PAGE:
Voluntary service in Jena: 13 young adults from 7 countries as guests

Voluntary service in Jena: 13 young adults from 7 countries as guests

 A European view of Jena: The Eurowerkstatt is currently looking after 13 young adults from 7 countries. They rave about Germany.

Acht der dreizehn europäischen Freiwilligen. Foto: Jördis BachmannAcht der dreizehn europäischen Freiwilligen. Foto: Jördis Bachmann

Jena. She says it is the first time she has experienced a country where she has the impression that the government cares about its citizens. "People work and do something for their country, but Germany also does something for its people," says 29-year-old Özge from Turkey.

"However, the Germans I have talked to about this so far see it differently. They say the government has to do more. I think it's a shame when you don't see what you have." Özge is an assistant director, has worked on films such as "Homicide Istanbul" or the Dan Brown adaptation "Inferno" with Tom Hanks.

"I worked around the clock. There was no time for family or friends. I had completely lost sight of myself in the process. At some point I realised that I needed a break if I wanted to find out what I really wanted to do. The voluntary exchange year was a way for me to take that break. It helps me clear my head again, get my mind off work and get my bearings."

Özge is one of a group of 13 young adults doing voluntary service in Jena. They are all well-educated young adults, like 23-year-old Juan, who studied psychology in Spain, or Angela, a translator and English teacher, also from Spain.

Both agree with their fellow campaigner Özge: "In Spain they demand money for everything. The training takes a long time and they demand money for every test you have to take. In return, you get - if at all - a poorly paid job, three euros an hour, with lousy work contracts and without any social security. It's different here," says Juan.

  Conny Bartlau heads the Jena-based association Eurowerkstatt, which has been sending young people from Jena all over Europe to do voluntary service since 2006. Since 2009, Eurowerkstatt has also coordinated the hosting of volunteers from Europe in Jena.

For this purpose, the association has rented flats where the volunteers are accommodated in shared flats. The volunteers stay in Jena from two months to one year. During this time, they are involved in various social or cultural institutions.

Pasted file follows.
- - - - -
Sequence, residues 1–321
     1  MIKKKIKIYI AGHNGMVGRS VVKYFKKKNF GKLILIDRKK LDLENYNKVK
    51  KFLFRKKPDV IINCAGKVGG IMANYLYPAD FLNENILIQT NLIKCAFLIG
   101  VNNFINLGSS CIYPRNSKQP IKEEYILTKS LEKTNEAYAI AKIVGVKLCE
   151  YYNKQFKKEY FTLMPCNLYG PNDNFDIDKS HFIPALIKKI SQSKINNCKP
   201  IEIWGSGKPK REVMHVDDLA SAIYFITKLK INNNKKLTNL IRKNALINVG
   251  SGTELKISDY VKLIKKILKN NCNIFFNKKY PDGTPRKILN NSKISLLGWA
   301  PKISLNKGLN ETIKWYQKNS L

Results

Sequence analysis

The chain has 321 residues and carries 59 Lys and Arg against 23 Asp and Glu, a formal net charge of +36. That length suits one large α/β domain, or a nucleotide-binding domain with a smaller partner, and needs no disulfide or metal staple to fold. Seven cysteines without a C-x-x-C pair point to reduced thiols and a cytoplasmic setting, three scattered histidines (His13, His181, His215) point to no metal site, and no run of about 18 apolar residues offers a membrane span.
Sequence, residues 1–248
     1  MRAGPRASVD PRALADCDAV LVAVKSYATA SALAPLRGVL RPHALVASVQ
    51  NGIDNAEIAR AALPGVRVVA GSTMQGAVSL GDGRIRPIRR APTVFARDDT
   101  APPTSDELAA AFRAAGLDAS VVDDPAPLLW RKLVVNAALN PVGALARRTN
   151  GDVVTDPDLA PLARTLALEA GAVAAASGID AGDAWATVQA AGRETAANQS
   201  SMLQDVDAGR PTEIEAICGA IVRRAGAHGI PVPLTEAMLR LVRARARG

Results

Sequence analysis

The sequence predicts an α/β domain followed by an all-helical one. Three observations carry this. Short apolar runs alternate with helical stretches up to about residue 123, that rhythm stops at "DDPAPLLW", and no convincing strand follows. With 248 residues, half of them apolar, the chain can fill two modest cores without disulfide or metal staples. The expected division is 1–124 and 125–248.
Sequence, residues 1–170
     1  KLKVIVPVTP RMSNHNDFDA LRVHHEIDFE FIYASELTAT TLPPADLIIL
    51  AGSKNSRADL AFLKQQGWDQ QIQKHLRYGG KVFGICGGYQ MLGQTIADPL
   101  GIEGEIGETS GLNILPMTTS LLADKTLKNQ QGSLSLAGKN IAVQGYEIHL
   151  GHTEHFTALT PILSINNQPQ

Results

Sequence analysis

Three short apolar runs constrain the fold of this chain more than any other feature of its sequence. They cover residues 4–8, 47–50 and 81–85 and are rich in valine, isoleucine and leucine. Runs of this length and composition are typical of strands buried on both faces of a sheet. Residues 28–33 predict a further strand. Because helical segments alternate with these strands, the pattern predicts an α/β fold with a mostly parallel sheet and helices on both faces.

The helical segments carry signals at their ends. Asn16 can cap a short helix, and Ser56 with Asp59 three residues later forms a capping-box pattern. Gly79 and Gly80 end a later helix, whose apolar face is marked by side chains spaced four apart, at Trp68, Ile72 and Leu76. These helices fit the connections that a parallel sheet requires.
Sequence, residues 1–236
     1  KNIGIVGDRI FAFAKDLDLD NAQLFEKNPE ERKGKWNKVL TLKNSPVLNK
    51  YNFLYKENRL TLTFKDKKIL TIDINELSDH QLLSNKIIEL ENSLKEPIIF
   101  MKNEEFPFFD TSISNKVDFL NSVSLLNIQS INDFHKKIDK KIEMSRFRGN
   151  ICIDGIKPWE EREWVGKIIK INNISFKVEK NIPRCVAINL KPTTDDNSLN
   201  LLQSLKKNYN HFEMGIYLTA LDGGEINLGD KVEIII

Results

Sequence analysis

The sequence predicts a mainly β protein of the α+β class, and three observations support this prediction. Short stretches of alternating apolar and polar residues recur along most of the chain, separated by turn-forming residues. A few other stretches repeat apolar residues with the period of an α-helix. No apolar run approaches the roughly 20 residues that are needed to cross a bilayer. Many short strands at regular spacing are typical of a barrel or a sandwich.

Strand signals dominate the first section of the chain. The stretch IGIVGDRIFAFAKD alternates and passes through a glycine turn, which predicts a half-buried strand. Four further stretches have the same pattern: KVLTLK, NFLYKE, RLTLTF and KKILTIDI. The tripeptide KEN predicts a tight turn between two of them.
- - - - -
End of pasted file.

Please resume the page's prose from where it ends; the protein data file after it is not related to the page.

She was really touched when she visited the Klex youth centre for the first time, says Özge. "Such a great offer for children and young people to spend their free time." Angela works in the Montessori kindergarten and is also enthusiastic: "It is really interesting for me to see how the children are supported there. In Spain, there have been many educational reforms, but never good ones. It has nothing to do with 'reform education'

Anastasia is a young designer. "In Russia I drew a lot of commissioned portraits. That worked well, but I plan to reorient myself. I'm now doing a project with children at the Winzerla leisure shop, I really like it."

Conny Bartlau points out that there are still places available for the volunteer year in Vladimir. "Unfortunately, Russia probably doesn't seem very attractive to many young Germans for an exchange year right now."

22-year-old Iakov would like to change that. He is also from Russia and currently works at the Hugo youth centre, where he has already organised a Russian evening. "For me, it's about breaking down the stereotypes about my home country and doing away with prejudices," he says.

On 15 December 2016, an open Russian evening with typical Russian food will therefore be organised at the Eurowerkstatt at Löbdergraben 28. "All interested parties are cordially invited to attend from 1 pm," says Conny Bartlau.

Co-tenant wanted for Löbdergraben 28

She also takes the opportunity to point out that a co-tenant is being sought at Löbdergraben 28. The Eurowerkstatt Jena association used to share the rooms with the Überbetriebliche Ausbildungsgesellschaft, which is now moving.

"In order to be able to continue using these rooms close to the centre, we now need a new co-tenant," says Conny Bartlau.

The Eurowerkstatt also plans, among other things, excursions and a festival together with the 13 European volunteers. At the moment, the young Europeans meet regularly for an additional language course. While speaking German is no longer a big problem for some, others still have to make an effort.

And while they gain many new experiences and learn a new language, they leave their footprints in Jena with their volunteer work.

Jördis Bachmann / 29.11.16
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